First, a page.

“Don’t eat anything your great-grandmother wouldn’t recognize as food” is one of author Michael Pollan’s most important “Food Rules.” It is one of the many cautions he offers in his books and in his upcoming film, In Defense of Food, which debuts on PBS on December 30. Pollan’s books and film are all about eating healthy and eating happy, and he serves up his views with humor and intelligence in an educational and entertaining manner that are meant to help people make the most of what and how they dine.
In Defense of Food premieres on most PBS stations at 9 p.m. Eastern Time on Wednesday, December 30.
For those tired of reality TV cooking competitions, cuisine-centric travel shows, diet fad infomercials or doom-and-gloom news reports about unhealthy foods, In Defense of Food will be a breath of fresh air or, perhaps more accurately, a delightful video appetizer that will help relieve viewers of the angst and guilt they might feel when sitting down to dine. Noted food writer Michael Pollan leads viewers to the modern table by taking a look at how and what people around the world and throughout history ate and still eat. Along the way he debunks some of the modern myths about what is and what is not good to put on a plate, and also offers some common sense advice as to how to take the guilt out of eating.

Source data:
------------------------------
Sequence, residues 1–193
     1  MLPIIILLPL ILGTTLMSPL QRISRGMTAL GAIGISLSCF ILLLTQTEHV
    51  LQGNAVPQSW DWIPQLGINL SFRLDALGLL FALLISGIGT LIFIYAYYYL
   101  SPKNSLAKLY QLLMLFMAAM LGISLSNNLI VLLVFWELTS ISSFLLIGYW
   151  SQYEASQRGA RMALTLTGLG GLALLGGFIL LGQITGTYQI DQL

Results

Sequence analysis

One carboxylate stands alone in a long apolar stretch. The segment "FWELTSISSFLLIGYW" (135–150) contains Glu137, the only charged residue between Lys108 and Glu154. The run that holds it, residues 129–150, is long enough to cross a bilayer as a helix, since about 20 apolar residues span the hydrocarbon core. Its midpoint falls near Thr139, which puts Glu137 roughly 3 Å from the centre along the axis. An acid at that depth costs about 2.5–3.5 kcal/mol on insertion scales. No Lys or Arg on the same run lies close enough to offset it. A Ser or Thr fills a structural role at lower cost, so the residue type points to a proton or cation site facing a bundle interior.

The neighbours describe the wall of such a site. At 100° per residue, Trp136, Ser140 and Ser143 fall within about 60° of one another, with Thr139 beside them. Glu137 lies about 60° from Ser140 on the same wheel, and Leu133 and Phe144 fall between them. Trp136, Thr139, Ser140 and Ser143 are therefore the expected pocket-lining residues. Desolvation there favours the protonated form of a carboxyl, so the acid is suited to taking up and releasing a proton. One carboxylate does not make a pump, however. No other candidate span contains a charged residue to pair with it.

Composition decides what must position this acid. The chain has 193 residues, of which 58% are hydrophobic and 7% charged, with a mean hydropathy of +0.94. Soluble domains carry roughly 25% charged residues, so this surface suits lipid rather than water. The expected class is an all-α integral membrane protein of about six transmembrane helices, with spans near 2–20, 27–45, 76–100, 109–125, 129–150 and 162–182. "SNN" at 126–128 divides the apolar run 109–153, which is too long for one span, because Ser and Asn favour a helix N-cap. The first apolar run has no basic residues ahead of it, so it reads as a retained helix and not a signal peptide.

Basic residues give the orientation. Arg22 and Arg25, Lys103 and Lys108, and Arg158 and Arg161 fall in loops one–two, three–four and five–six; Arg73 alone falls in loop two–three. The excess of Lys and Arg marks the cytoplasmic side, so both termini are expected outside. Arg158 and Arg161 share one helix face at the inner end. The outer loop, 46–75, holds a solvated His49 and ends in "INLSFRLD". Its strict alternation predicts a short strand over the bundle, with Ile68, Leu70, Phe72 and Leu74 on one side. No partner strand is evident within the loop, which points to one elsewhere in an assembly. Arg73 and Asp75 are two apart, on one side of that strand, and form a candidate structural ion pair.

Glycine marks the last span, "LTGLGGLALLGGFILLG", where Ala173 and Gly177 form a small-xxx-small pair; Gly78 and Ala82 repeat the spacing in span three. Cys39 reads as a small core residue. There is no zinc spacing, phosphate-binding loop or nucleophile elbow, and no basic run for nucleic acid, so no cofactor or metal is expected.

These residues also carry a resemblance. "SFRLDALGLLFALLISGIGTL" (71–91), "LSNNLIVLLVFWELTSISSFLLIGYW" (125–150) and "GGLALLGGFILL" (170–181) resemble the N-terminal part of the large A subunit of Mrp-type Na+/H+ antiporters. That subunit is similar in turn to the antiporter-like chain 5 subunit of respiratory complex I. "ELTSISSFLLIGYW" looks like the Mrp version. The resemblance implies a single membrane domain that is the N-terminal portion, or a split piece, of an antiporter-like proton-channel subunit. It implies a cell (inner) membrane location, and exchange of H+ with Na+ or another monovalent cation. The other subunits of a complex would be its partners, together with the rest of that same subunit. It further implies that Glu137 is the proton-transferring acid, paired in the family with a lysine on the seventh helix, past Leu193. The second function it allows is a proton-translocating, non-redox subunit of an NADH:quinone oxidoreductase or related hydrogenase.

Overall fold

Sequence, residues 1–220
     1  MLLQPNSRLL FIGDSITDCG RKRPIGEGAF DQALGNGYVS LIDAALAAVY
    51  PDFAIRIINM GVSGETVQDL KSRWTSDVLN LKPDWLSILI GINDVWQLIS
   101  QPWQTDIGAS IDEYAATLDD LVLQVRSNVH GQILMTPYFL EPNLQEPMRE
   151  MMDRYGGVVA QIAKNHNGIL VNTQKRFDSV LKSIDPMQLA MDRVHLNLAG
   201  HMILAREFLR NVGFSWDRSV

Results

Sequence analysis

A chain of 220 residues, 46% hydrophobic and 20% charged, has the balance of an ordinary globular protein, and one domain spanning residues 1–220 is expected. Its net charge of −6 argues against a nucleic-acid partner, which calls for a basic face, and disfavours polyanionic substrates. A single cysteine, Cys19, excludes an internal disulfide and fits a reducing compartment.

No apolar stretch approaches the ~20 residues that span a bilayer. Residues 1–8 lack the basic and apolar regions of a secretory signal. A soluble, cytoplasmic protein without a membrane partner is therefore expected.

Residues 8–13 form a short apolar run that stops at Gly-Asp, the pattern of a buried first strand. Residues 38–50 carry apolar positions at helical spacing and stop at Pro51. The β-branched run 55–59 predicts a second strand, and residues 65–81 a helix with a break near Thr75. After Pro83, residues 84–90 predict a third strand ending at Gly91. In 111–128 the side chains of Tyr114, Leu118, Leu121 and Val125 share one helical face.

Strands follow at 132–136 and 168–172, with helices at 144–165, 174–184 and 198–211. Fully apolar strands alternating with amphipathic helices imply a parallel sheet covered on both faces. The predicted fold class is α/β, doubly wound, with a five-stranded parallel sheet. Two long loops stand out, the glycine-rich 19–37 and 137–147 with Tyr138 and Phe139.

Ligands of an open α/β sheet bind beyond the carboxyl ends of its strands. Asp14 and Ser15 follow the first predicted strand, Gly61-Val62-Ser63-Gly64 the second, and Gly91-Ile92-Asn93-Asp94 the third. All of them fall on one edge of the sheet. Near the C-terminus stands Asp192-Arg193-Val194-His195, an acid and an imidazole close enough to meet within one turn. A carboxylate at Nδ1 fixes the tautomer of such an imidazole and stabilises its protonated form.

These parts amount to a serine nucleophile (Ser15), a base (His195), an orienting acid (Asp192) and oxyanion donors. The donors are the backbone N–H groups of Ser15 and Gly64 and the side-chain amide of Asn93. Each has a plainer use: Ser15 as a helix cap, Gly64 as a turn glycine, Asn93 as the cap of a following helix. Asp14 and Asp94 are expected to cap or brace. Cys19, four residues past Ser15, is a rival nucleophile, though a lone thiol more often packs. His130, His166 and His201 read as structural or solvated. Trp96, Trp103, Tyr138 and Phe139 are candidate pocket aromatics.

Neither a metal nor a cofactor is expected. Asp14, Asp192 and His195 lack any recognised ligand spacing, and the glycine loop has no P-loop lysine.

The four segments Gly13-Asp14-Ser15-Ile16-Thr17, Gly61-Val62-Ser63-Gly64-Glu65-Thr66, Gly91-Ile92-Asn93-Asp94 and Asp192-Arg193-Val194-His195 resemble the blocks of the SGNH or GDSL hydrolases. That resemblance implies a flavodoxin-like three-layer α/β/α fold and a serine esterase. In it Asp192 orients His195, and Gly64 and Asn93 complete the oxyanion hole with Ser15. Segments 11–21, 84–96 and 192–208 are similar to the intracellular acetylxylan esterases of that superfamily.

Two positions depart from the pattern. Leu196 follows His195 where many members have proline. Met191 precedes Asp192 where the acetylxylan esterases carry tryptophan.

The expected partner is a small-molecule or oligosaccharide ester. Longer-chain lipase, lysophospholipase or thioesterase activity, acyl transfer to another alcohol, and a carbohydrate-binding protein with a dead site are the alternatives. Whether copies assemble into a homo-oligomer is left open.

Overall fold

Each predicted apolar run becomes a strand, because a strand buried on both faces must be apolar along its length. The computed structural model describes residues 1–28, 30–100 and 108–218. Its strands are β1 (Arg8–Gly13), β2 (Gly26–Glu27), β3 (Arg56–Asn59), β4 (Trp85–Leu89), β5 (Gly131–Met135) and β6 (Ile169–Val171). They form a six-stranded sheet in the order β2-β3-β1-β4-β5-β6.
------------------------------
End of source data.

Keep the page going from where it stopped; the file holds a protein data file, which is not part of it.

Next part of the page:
Michael Pollan knows a lot about food. A noted essayist, Pollan has written seven books, four of them best-sellers, on the history and culture of eating. The title of this film comes from one of those, his 2008 work In Defense of Food: An Eater’s Manifesto. Award-winning filmmaker Michael Schwarz lets Pollan do what he does best as he follows him from the hunter-gatherers of prehistoric Africa to the chefs of modern Paris, with stops along the way to visit the blubber-eating Inuit of the Arctic to the vegetarian dinners of a Seventh Day Adventist community in Loma Linda, California. The journey is a fascinating and entertaining one, and instead of preaching about what is bad concentrates on teaching what is good.
Pollan’s rules about what to eat and what not to eat are more guidelines than commandments, and are rooted in common sense. These include points like “Avoid foods you see advertised on television” and “Serve the vegetables first.” Other points are more surprising, such as “Eat more like the French do,” and “treat meat as a flavoring or special occasion food.” While Pollan is very much about how people should “Eat mostly plants,” he is no vegan task-master or vegetarian activist. He knows that people crave foods with sugar, fat, and salt, and also will at times ignore his advice to “stop eating before you’re full.” For those people, which are most people, he has one final and very important rule: “Break the rules once in a while.” His film will help people do just that, while it may also help them eat healthier, and eat happier.